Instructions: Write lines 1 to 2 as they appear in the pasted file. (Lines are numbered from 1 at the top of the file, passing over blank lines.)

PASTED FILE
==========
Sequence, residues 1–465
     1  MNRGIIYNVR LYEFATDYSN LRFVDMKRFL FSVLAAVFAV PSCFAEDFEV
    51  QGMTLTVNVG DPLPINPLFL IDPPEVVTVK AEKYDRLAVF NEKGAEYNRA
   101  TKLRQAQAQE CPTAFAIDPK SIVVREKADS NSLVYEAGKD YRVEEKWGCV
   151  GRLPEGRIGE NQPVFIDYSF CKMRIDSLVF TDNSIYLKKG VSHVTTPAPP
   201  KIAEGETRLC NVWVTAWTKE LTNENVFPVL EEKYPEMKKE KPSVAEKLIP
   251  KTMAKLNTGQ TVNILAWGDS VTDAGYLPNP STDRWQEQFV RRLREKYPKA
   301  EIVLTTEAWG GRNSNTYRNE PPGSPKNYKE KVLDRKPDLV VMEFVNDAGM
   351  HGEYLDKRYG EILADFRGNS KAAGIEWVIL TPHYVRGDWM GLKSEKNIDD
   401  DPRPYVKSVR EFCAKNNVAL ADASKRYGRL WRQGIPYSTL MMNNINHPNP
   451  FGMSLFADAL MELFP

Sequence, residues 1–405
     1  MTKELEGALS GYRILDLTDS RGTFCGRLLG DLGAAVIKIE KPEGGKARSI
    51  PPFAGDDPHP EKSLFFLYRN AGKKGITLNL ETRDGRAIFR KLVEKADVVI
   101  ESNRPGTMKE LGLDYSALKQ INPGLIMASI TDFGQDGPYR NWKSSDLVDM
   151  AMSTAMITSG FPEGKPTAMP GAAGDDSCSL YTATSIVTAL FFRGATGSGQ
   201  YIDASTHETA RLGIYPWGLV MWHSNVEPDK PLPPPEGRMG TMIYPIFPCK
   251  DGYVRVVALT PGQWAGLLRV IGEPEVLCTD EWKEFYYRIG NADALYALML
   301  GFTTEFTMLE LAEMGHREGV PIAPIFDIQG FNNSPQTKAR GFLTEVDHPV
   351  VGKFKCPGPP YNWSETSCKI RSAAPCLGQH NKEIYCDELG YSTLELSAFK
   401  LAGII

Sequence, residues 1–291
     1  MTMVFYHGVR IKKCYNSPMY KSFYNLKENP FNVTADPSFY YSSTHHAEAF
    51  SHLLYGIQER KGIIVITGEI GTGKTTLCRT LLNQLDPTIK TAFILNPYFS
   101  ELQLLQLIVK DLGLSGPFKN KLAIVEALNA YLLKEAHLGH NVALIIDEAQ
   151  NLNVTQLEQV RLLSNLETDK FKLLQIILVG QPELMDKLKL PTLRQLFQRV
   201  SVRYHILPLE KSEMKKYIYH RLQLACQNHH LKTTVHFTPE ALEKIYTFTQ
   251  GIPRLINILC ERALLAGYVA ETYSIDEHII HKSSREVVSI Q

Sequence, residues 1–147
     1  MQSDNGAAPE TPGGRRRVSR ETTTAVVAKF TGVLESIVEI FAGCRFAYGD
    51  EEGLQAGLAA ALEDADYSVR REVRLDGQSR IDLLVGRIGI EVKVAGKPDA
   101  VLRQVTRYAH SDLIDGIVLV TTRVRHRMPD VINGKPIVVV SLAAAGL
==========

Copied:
Sequence, residues 1–465
     1  MNRGIIYNVR LYEFATDYSN LRFVDMKRFL FSVLAAVFAV PSCFAEDFEV